3.6.5 Aspartase assay........................................................................................................39
3.7 Protein estimation (BCA method).........................................................................................39
3.8 Amino acid estimation by HPLC..........................................................................................40
3.8.1 Pre-column derivatization by OPA..........................................................................41
3.8.2 HPLC analysis.........................................................................................................41
3.9 Isolation of bacterial DNA....................................................................................................42
3.9.1 Isolation of genomic DNA......................................................................................42
3.9.2 Isolation of plasmid DNA.......................................................................................42
3.9.3 Phenol-chloroform extraction.................................................................................42
3.9.4 DNA quantification and purity estimation..............................................................43
3.10 DNA analysis.........................................................................................................................43
3.10.1 Agarose gel electrophoresis....................................................................................43
3.10.2 DNA extraction from agarose gels.........................................................................44
3.10.3 Sequencing (urea:polyacrylamide) gel electrophoresis of DNA............................44
3.10.4 Preparation of sequencing ladders..........................................................................45
3.11 Protein Analysis....................................................................................................................46
3.11.1 Native polyacrylamide gel electrophoresis (Native-PAGE)..................................46
3.11.2 SDS-Polyacrylamide gel electrophoresis...............................................................47
3.11.3 Coomassie staining................................................................................................48
3.12 Polymerase chain reaction...................................................................................................49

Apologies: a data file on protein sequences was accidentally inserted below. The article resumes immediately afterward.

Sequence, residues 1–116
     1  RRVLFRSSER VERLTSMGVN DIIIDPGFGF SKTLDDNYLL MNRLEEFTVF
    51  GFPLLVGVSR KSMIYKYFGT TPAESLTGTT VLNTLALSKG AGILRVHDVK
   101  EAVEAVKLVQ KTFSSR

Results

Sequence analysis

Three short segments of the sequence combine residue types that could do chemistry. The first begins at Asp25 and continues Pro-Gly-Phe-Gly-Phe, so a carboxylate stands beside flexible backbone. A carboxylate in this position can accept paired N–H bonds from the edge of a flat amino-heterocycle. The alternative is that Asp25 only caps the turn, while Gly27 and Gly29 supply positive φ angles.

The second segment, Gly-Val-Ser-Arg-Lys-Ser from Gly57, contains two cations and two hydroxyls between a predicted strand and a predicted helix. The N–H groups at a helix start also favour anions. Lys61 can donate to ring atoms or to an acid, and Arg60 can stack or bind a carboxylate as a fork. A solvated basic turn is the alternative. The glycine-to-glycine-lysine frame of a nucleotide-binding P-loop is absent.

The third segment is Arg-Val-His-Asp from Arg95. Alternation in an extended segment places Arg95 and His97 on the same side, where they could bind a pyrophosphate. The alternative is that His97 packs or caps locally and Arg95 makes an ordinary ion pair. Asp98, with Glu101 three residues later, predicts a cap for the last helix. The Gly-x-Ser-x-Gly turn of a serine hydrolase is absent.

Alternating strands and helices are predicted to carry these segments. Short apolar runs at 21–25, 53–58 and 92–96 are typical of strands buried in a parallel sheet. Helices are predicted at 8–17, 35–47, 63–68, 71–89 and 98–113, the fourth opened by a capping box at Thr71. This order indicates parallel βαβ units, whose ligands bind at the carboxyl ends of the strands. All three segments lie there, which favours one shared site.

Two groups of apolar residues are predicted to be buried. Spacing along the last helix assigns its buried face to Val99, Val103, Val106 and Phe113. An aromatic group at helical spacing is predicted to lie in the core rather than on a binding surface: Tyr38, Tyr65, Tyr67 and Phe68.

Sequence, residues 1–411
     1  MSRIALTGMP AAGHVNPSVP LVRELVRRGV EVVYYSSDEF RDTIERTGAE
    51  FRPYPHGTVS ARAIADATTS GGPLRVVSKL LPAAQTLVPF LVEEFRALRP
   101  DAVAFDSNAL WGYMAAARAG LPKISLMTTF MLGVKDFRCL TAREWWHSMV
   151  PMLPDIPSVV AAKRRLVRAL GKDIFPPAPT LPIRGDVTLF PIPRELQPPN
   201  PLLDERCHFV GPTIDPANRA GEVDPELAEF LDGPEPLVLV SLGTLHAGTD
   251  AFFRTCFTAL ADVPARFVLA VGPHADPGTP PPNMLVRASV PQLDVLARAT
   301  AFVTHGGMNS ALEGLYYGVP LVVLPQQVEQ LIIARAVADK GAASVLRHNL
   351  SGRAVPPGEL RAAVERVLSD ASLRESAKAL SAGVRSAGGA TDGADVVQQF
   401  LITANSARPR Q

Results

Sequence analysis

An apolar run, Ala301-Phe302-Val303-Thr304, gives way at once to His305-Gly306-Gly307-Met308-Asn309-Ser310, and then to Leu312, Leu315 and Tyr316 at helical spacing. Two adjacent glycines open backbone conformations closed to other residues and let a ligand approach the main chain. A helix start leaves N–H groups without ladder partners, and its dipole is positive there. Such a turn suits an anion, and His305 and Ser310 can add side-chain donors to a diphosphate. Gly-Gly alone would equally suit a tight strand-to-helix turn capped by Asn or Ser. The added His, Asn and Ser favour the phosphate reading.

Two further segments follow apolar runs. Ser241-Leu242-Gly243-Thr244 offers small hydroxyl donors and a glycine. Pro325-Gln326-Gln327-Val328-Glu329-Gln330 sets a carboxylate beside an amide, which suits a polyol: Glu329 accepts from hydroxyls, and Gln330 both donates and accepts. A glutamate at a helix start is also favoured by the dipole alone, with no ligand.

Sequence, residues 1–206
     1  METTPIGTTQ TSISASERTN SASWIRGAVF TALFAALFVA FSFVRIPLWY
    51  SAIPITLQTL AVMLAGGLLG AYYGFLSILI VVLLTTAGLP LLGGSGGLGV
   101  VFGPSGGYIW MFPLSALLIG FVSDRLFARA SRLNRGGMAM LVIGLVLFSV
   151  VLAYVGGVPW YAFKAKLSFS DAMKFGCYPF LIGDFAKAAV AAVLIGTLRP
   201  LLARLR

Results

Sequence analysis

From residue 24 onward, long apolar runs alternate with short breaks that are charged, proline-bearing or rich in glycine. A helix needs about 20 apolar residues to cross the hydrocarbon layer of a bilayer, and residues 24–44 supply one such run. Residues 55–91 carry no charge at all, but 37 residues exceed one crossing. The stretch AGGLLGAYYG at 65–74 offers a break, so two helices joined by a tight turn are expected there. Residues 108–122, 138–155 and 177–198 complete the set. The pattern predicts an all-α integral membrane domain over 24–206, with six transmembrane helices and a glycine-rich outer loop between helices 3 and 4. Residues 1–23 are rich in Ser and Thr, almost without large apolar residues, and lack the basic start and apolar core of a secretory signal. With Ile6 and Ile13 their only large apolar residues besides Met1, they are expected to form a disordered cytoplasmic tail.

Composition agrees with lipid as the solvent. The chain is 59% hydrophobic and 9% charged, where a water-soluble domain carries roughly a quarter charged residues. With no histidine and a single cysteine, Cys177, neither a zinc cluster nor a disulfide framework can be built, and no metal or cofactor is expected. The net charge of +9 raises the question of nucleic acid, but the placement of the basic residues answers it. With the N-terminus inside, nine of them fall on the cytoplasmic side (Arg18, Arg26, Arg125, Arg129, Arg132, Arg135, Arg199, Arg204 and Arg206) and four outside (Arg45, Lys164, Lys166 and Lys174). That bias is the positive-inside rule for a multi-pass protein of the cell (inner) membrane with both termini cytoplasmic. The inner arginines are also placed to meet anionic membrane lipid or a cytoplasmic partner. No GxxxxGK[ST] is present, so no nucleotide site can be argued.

3.13 DNA digestion with restriction enzymes.............................................................................50
3.14 Dephosphorylation of 5`-phosphate group...........................................................................51
iii
3.15 DNA ligation..........................................................................................................................51
3.16 Gene replacement..................................................................................................................51
3.16.1 Replacement of gene aatP.......................................................................................52
3.16.2 Replacement of gene aatJ.......................................................................................52
3.17 Expression and purification of recombinant proteins............................................................53
3.17.1 Expression and purification of AauR......................................................................53
3.17.2 Expression and purification of AauS.......................................................................54
3.18 Site directed mutagenesis......................................................................................................55
3.18.1 Expression vector construction and Site directed mutagenesis in aatJ...................55
3.18.2 Over-expression and purification of AatJ and mutated variants of AatJ.................56
3.19 Electro mobility shift assay (EMSA).....................................................................................57
3.19.1 Cloning of aatJ and ansB promoters.......................................................................57
33
3.19.2 Labelling of 5`-DNA end with P..........................................................................58
3.19.3 Binding of promoter DNA with AauR....................................................................58
3.20 DNase I foot printing of aatJ promoter.................................................................................58
3.21 In-vitro Phosphorylation of AauS proteins............................................................................59
3.22 Phosphate transfer to AauR by AauS....................................................................................59